South Carolina’s Reserved Rights
In a dispute between the States and the federal agent, the proper course of action of a State is to appeal to a convention of all the States for arbitration of the matter. The federal agent was never  empowered by the Founders to coerce a State, nor was the small standing army placed at its restricted disposal intended to be used against one of the creators of the agent. The same applied in early 1861 as the federal agent again prepared for war against a State.
Bernhard Thuersam, Director
Cape Fear Historical Institute  
South Carolina’s Reserved Rights:

“The South Carolina Legislature convened on the 27th of November [1832]. Governor [James] Hamilton’s message stated the account between the State and the United States.  The latter claimed a further sum of sixty thousand dollars interest. Reviewing briefly the action of the Congress, he said that the die had been at last cast, and South Carolina had at length appealed to her ultimate sovereignty as a member of the confederacy, and planted herself upon her reserved rights.
He defined the measure of legislation which they had to employ at the crisis to be, “the precise amount of such enactments as may be necessary to render it utterly impossible to collect within our limits the duties imposed by protective tariffs thus nullified.”  He refrained from suggesting details, but proposed that the Governor be authorized to issue certificates of clearance to vessels outward bound in case the [federal] collectors refused to do so.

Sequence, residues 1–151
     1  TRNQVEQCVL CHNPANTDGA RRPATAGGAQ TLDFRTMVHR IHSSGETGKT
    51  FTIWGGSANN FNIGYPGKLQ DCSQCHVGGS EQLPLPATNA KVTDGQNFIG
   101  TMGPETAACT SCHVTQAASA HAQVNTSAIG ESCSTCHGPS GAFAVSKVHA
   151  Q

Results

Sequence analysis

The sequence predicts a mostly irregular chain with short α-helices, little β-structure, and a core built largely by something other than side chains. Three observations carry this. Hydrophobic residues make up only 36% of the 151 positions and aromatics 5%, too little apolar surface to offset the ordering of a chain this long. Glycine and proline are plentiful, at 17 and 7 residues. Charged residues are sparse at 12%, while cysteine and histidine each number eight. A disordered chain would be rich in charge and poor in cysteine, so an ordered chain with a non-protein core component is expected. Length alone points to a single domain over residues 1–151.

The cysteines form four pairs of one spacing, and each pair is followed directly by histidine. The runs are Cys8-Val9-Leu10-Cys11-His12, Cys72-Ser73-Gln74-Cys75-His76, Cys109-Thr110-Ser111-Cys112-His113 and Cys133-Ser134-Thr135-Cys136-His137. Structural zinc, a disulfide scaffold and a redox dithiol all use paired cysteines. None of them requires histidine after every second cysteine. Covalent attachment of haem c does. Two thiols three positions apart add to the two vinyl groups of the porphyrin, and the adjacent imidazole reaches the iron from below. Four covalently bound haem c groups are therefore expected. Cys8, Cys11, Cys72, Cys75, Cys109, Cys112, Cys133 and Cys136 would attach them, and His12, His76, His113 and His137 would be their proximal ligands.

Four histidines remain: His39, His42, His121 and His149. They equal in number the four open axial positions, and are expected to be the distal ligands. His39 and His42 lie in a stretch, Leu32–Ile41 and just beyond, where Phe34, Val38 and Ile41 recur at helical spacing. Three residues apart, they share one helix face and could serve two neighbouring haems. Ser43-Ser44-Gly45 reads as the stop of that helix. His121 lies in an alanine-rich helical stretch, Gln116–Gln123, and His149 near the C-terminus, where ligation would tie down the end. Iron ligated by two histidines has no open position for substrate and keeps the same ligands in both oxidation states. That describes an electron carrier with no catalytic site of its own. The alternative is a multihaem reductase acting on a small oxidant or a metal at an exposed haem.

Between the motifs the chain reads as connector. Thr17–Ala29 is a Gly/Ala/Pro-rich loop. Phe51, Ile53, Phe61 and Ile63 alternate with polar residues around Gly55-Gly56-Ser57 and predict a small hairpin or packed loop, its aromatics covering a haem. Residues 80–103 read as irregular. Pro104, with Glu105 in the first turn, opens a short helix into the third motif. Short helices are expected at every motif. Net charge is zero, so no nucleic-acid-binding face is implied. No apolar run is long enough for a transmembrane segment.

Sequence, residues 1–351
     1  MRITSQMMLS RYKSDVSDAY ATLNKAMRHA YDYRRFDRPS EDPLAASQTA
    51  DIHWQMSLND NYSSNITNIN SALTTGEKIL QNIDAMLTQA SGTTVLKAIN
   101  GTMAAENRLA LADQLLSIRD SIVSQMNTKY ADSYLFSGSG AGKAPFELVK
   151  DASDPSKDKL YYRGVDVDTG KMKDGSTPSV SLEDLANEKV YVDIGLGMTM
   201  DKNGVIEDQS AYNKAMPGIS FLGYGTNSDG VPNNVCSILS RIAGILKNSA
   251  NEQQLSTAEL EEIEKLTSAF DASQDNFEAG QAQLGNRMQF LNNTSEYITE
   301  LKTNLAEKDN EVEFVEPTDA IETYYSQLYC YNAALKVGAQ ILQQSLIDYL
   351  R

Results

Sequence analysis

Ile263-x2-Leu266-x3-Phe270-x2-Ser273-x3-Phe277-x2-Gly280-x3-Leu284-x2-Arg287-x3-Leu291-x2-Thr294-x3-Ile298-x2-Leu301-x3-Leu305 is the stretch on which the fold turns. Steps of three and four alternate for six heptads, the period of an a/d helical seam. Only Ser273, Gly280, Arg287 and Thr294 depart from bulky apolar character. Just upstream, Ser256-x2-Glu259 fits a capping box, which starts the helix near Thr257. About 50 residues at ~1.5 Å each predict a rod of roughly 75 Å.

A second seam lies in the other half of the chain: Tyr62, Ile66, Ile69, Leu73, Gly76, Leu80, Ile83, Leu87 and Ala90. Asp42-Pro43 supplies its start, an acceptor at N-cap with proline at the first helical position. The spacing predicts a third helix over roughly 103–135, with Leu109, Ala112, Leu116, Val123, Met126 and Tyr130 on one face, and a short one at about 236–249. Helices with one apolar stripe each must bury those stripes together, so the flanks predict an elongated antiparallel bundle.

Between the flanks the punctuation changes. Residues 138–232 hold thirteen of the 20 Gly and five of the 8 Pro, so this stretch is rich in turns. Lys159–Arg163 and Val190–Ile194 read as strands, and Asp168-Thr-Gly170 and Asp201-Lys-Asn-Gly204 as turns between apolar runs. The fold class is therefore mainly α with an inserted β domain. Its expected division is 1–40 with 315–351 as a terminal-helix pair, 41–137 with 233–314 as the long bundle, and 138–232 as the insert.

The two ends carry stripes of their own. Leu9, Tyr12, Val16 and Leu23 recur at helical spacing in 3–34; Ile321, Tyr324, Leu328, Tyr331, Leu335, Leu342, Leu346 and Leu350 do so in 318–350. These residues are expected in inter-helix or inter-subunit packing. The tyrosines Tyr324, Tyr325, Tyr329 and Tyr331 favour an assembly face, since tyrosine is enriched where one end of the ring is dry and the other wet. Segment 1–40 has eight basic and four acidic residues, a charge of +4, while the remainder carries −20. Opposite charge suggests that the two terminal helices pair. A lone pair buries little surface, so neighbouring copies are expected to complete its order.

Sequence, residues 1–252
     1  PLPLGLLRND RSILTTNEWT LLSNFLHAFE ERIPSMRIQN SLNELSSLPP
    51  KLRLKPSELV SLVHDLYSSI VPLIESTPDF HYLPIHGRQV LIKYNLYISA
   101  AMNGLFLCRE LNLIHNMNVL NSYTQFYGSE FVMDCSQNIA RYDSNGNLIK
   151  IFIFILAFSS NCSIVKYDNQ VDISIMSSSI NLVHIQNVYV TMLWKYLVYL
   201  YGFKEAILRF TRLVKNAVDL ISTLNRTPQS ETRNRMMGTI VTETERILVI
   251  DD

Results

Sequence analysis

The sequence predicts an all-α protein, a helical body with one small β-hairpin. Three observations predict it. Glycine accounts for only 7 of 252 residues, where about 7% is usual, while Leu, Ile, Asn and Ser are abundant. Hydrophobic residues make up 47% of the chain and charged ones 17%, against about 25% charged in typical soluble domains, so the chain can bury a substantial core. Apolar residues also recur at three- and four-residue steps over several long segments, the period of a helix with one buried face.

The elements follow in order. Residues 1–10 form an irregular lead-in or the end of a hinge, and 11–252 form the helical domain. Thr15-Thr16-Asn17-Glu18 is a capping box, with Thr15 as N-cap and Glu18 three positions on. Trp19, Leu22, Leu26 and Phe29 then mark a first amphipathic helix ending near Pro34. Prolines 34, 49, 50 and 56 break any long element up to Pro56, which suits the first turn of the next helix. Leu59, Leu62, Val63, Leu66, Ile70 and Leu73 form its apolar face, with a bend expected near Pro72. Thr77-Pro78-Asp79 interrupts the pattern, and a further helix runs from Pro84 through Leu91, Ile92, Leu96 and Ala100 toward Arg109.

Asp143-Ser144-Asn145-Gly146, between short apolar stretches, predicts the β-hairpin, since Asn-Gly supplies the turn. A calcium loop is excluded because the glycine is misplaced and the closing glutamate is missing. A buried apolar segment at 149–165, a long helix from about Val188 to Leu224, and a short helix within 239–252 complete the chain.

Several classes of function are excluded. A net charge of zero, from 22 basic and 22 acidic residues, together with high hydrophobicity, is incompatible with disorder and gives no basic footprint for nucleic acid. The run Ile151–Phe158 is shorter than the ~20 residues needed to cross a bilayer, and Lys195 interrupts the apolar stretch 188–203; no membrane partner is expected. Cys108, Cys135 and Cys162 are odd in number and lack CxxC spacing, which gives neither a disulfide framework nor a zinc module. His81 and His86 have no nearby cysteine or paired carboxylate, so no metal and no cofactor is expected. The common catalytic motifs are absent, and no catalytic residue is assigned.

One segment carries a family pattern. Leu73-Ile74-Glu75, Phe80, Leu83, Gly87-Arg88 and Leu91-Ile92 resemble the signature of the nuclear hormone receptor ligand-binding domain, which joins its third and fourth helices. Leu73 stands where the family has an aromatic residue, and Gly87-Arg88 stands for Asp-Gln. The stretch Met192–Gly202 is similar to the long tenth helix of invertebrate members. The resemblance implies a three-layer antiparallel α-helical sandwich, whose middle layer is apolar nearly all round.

Noticing the rumors that coercion might be resorted to, he remarked that such threats were once “officially promulged,” and that “we must prepare for this alternative.” He therefore recommended a revision of the militia laws, the details of a volunteer system, and provisions for mounting heavy ordnance; for a quartermaster service, and that the President be requested to vacate the citadel at Charleston, occupied at the joint instance of the city and the State, in order to make room for State troops and munitions.
“I cannot, however, but think,” he said, in conclusion, “that in a calm and dispassionate review by Congress…that the arbitration by a call of a convention of all the States, which we sincerely and anxiously seek and desire, will be accorded to us. To resort to force is at once to prefer a dissolution to its preservation.”
(A History of Sectional Struggle, Cicero Willis Harris, J.B. Lippincott Company, 1902, pp. 236-237)